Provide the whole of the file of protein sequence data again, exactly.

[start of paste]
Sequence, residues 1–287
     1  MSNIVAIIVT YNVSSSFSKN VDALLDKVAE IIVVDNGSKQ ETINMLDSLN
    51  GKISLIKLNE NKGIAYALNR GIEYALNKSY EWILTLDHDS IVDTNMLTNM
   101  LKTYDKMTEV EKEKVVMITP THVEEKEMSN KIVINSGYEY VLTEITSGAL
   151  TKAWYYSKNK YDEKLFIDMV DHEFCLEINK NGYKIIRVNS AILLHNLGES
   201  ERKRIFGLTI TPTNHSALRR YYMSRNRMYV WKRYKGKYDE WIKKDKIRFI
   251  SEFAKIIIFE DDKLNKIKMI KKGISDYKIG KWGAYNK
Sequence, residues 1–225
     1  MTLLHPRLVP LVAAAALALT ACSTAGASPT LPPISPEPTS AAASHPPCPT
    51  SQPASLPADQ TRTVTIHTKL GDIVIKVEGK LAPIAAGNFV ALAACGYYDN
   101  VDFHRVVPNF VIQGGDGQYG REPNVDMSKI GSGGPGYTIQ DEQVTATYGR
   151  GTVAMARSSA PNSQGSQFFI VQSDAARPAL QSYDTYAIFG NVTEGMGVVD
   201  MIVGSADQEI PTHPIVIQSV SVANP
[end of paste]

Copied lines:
Sequence, residues 1–287
     1  MSNIVAIIVT YNVSSSFSKN VDALLDKVAE IIVVDNGSKQ ETINMLDSLN
    51  GKISLIKLNE NKGIAYALNR GIEYALNKSY EWILTLDHDS IVDTNMLTNM
   101  LKTYDKMTEV EKEKVVMITP THVEEKEMSN KIVINSGYEY VLTEITSGAL
   151  TKAWYYSKNK YDEKLFIDMV DHEFCLEINK NGYKIIRVNS AILLHNLGES
   201  ERKRIFGLTI TPTNHSALRR YYMSRNRMYV WKRYKGKYDE WIKKDKIRFI
   251  SEFAKIIIFE DDKLNKIKMI KKGISDYKIG KWGAYNK
Sequence, residues 1–225
     1  MTLLHPRLVP LVAAAALALT ACSTAGASPT LPPISPEPTS AAASHPPCPT
    51  SQPASLPADQ TRTVTIHTKL GDIVIKVEGK LAPIAAGNFV ALAACGYYDN
   101  VDFHRVVPNF VIQGGDGQYG REPNVDMSKI GSGGPGYTIQ DEQVTATYGR
   151  GTVAMARSSA PNSQGSQFFI VQSDAARPAL QSYDTYAIFG NVTEGMGVVD
   201  MIVGSADQEI PTHPIVIQSV SVANP